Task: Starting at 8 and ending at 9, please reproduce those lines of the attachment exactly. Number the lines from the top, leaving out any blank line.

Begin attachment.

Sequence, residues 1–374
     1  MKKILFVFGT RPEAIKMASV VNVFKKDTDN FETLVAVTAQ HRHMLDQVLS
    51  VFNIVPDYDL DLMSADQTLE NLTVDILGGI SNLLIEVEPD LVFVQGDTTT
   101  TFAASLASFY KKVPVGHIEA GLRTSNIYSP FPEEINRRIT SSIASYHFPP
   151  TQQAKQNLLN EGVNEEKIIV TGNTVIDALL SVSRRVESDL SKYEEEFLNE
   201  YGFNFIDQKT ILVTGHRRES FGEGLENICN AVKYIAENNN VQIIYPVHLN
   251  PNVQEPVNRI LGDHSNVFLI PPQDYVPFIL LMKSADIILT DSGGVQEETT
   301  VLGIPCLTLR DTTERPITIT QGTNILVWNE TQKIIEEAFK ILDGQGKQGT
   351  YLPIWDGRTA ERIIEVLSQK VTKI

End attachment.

   301  VLGIPCLTLR DTTERPITIT QGTNILVWNE TQKIIEEAFK ILDGQGKQGT
   351  YLPIWDGRTA ERIIEVLSQK VTKI